Something is rotten in the state of New Zealand's hospitals — literally. And the source of that rot lies in the state of governance in health and politics.

How else to explain recent revelations about the state of Middlemore Hospital buildings in South Auckland?

It appears that politicians and heath managers have irresponsibly run down infrastructure in a way that calls into serious question levels of funding under previous governments, and puts immense pressure on the new government over what they are prepared to do about it.

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A case study in rotten politics

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South Auckland's Middlemore Hospital has recently become the emblem of what is wrong with New Zealand's healthcare system.

The decrepit and decaying state of many of its buildings have come under the spotlight over the past week or so thanks to the excellent investigatory work of RNZ's Phil Pennington, who has put together about a dozen reports on the scandal.

His original story — Hospital buildings full of rot and mould — started the ball rolling, with details of how bad the situation at Middlemore is, and how the hospital's management has known of the crisis for many years.

The situation at Middlemore Hospital is bad - and the hospital's management has known of the crisis for many years. Photo / Doug Sherring
The situation at Middlemore Hospital is bad - and the hospital's management has known of the crisis for many years. Photo / Doug Sherring

Pennington followed that up with further reports such as Sewage leaking into Middlemore building's walls, and Hospital rot was 'fully disclosed' to board, ministry — former boss . The latter, focuses particularly on who knew what, and when. It also looks into the performance of the former Counties Manukau Health CEO, Geraint Martin, who now runs Te Papa museum.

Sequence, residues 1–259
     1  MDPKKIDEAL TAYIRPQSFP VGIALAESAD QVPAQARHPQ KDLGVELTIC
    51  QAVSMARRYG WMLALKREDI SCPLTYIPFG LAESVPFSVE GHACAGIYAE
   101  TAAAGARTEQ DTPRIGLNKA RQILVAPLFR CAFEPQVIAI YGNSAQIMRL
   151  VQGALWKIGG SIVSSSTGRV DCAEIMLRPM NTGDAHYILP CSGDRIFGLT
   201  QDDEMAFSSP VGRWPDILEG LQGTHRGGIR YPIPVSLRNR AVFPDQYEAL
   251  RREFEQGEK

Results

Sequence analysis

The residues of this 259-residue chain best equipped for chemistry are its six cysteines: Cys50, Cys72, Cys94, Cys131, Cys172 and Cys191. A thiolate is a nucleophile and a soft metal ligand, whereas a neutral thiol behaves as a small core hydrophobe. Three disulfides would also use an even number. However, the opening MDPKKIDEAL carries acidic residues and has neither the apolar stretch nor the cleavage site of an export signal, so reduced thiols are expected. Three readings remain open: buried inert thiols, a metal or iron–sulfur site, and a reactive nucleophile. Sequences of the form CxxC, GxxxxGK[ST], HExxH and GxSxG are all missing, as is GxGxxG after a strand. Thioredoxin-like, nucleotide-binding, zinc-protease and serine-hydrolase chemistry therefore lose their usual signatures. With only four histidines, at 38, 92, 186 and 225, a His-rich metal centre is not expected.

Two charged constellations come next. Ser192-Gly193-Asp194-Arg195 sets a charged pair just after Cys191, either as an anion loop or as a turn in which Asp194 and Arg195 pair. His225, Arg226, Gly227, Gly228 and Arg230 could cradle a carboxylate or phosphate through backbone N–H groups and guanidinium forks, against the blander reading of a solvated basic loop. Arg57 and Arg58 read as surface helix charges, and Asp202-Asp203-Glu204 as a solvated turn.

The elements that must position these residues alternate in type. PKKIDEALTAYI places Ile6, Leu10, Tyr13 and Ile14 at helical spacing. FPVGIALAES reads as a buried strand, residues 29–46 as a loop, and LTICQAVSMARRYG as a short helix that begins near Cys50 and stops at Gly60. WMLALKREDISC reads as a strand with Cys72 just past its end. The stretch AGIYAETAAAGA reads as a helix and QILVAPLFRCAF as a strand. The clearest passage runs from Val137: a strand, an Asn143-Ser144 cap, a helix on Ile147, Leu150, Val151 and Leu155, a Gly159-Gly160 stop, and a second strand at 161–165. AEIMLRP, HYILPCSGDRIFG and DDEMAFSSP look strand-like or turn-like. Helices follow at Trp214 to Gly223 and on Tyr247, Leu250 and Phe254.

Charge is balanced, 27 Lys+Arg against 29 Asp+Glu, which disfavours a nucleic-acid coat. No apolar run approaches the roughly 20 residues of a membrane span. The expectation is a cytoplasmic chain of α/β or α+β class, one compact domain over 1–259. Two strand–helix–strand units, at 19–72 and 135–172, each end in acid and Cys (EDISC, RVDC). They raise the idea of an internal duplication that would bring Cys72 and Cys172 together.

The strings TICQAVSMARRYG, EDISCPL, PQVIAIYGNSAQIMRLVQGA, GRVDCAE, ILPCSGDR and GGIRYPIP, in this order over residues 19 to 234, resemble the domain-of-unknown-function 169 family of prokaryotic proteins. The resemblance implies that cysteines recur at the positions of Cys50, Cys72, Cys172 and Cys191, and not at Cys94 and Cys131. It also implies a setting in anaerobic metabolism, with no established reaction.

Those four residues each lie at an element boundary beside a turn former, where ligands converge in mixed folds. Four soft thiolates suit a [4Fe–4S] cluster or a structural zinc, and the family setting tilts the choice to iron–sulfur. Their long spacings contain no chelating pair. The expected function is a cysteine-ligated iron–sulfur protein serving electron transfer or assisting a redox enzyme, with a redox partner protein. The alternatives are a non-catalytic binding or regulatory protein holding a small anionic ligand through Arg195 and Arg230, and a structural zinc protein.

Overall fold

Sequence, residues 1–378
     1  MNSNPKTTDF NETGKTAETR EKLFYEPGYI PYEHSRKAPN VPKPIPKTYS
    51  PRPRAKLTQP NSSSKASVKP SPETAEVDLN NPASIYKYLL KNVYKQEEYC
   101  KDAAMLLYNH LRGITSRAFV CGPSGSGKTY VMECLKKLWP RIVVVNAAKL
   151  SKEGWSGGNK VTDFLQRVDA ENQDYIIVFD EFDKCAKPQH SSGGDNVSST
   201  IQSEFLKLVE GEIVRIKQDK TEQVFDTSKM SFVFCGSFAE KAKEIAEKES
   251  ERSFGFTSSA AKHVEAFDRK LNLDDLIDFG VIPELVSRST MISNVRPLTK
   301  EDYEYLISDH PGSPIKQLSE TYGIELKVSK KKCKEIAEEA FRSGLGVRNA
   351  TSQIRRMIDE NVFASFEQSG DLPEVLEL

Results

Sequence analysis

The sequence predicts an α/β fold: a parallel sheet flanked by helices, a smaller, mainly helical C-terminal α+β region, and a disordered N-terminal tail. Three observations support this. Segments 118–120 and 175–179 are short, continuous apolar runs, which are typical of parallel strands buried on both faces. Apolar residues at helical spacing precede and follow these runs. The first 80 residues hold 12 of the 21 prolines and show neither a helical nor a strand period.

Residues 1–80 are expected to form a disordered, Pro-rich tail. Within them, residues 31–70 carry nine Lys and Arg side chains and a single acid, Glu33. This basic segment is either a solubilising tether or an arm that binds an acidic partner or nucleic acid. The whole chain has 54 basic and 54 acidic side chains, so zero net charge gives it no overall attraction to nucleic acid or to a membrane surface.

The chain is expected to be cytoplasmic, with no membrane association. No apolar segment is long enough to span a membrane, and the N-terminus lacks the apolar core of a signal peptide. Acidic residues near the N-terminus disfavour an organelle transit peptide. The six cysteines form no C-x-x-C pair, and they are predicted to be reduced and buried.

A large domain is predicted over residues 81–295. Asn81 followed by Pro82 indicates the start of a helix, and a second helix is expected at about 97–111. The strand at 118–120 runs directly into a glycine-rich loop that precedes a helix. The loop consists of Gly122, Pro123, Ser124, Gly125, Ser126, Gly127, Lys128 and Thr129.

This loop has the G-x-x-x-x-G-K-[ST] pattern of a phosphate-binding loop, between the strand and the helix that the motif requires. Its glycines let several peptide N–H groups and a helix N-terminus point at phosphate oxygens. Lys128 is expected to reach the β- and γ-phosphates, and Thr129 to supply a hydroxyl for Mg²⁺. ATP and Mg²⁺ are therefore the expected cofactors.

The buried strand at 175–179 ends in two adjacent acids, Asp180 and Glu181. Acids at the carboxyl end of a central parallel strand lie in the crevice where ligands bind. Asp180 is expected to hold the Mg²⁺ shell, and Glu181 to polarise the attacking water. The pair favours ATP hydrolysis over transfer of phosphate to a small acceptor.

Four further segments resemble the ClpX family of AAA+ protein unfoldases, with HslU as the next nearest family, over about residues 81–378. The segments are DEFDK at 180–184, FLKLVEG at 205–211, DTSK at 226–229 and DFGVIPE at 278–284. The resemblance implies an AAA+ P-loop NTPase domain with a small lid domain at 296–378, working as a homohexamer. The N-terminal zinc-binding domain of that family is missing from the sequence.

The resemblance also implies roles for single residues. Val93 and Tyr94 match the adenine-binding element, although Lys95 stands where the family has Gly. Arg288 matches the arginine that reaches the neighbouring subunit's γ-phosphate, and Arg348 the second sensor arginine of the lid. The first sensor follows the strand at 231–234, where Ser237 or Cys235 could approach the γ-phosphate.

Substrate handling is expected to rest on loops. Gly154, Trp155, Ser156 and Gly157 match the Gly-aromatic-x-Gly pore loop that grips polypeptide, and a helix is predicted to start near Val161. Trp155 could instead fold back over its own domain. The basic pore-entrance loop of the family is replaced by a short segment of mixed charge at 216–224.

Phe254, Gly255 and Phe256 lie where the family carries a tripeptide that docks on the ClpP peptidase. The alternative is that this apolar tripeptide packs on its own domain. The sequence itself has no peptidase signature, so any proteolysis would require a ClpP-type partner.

Pennington's latest story details power supply problems, and reports on how the person in charge of the Middlemore buildings claims the health board knew it was all an accident "waiting to happen" — see: Major power failure revealed at Middlemore Hospital clinic.

Former building manager Greg Simpson is reported believing that maintenance budgets were vastly underfunded: "Instead of an international best-practice of 2 per cent to 3 per cent of asset value as a maintenance budget, he was getting less than half the $15m a year Middlemore needed".

To make matters worse, although many of the buildings have been poorly built, the hospital has been unable to get compensation from the company that made some of the alleged mistakes — see Pennington's story, DHB unable to take legal action over rotting buildings.

It is now very unclear how much it will cost to fix the buildings, but increasingly many of those involved are talking about the need to demolish and build new ones. One estimate puts this cost at least $1.6 billion.